BaSO4 and Ba ions

I know barium ions are supposed to be highly poisonous, so how come it's safe to use them with Sulfate ion when they X-ray someone's digestive system?
I know the Sulfate keeps the Barium from ionizing because it is insoluble, but couldn't something like an acid or more reactive ion replace the Sulfate and free the barium ion?
Why isn't this a problem?

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The toxicity of barium

The toxicity of barium compounds depends on their solubility.
The more soluble forms are more toxic than the insoluble forms.
Barium sulfate is very insoluble in water and other potential solvents.

To add to this BaSO4 is administered for X-rays as a slurry with dilute Na2SO4, which makes the compound even more insoluble, due to the common ion effect. [Common ion effect states that any ionic salt is less soluble in the presence of a common ion].

After an X-Ray patients are advised to drink plenty of water to help flush the insoluble salts out of their body.

Because there are no barium ions in BaSO[sub]4[/sub]; the stuff is so intensely insoluble that the amount of Ba[sup]+2[/sup] in neglible. If you tried an enema with BaCl[sub]2[/sub] you would have to call the coroner immediately.

still sonfused

It's insoluble in water, but what about all the lovely acids and catalysts we have in our digestive tracts?
I would think that at least one of them would have an impact on similar insoluble salts.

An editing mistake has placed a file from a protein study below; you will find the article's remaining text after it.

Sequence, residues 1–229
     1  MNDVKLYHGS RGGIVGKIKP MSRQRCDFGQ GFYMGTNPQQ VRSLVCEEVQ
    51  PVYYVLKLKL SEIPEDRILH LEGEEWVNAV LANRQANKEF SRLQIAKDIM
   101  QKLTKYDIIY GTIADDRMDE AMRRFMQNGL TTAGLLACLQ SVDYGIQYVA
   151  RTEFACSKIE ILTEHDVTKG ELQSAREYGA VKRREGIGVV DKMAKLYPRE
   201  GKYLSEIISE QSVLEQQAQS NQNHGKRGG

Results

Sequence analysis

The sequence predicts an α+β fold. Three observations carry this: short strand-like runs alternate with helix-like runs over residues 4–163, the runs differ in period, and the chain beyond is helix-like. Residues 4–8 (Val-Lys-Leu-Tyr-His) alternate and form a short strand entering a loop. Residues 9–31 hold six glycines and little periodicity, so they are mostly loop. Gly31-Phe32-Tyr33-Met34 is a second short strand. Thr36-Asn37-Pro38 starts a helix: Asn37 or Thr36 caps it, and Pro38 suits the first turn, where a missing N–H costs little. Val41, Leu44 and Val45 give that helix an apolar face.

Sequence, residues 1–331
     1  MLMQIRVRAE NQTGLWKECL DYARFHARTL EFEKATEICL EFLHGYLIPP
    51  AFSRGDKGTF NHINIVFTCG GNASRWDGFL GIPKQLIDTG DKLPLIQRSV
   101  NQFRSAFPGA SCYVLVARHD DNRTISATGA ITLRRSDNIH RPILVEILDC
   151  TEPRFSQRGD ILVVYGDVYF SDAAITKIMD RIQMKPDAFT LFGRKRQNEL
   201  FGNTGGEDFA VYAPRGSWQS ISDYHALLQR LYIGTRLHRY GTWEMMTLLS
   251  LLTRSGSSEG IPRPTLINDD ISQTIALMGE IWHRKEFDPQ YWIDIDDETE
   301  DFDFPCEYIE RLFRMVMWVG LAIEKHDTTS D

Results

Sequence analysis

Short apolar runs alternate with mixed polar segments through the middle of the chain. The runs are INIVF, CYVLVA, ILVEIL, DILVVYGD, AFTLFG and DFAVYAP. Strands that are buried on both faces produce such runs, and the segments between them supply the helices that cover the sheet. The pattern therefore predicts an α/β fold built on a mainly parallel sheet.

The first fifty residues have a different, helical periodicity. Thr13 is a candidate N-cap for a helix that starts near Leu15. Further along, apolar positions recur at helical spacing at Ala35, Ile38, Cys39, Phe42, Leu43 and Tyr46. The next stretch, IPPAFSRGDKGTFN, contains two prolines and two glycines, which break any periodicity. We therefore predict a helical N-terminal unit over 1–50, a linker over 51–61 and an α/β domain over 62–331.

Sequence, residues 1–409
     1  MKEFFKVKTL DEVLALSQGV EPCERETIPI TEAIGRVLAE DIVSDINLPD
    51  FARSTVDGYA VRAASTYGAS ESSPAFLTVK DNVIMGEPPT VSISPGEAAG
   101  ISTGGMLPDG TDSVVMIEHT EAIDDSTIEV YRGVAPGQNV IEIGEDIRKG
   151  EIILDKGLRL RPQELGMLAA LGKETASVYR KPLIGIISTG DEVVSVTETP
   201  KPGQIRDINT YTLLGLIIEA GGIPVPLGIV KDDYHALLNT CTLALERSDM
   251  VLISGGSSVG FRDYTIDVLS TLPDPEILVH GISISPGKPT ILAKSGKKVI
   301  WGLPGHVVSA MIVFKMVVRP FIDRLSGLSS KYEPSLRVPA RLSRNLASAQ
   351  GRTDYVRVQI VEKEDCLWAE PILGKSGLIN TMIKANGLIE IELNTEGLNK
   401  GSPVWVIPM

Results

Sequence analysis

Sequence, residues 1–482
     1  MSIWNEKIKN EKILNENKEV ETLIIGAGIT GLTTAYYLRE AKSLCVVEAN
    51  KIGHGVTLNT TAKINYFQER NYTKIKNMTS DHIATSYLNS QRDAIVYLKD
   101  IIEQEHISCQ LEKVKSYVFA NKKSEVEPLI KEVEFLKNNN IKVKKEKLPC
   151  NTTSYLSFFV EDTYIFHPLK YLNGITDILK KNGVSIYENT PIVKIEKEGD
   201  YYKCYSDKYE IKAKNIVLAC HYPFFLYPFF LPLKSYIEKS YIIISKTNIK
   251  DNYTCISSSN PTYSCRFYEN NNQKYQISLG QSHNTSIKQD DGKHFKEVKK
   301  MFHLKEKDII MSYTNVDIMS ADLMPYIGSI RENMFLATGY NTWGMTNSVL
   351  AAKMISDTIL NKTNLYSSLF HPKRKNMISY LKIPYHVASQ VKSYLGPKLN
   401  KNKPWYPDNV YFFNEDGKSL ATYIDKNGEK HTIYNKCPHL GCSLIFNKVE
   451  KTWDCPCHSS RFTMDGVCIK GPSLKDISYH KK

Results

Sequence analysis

What if its even a small ammount of solubility?
How do we know its a small ammount that's BAD and not a small ammount that's never going to ever matter? I thought that even a small ammount would be bad enough that they wouldn't have people drinking it so regularly for x-rays. :?

The acid in the stomach is essentially HCl; BaSO4 is insoluble in that as well; a common lab demonstration is mixing BaCl and Na2SO4; the BaSO4 settles to the bottom and you end up with salt water; the insolubility of BaSO4 is enormous and the proof is that people with barium enemas don't die whereas the long-term effects of radiation do cause people to die; my father's broken leg was x-rayed in all stages of healing; he had hundreds of x-rays taken; the hair on his leg didn't regrow and he died of multiple myeloma when I was 20 and he 51; there are no similar stories about people with barium enemas.

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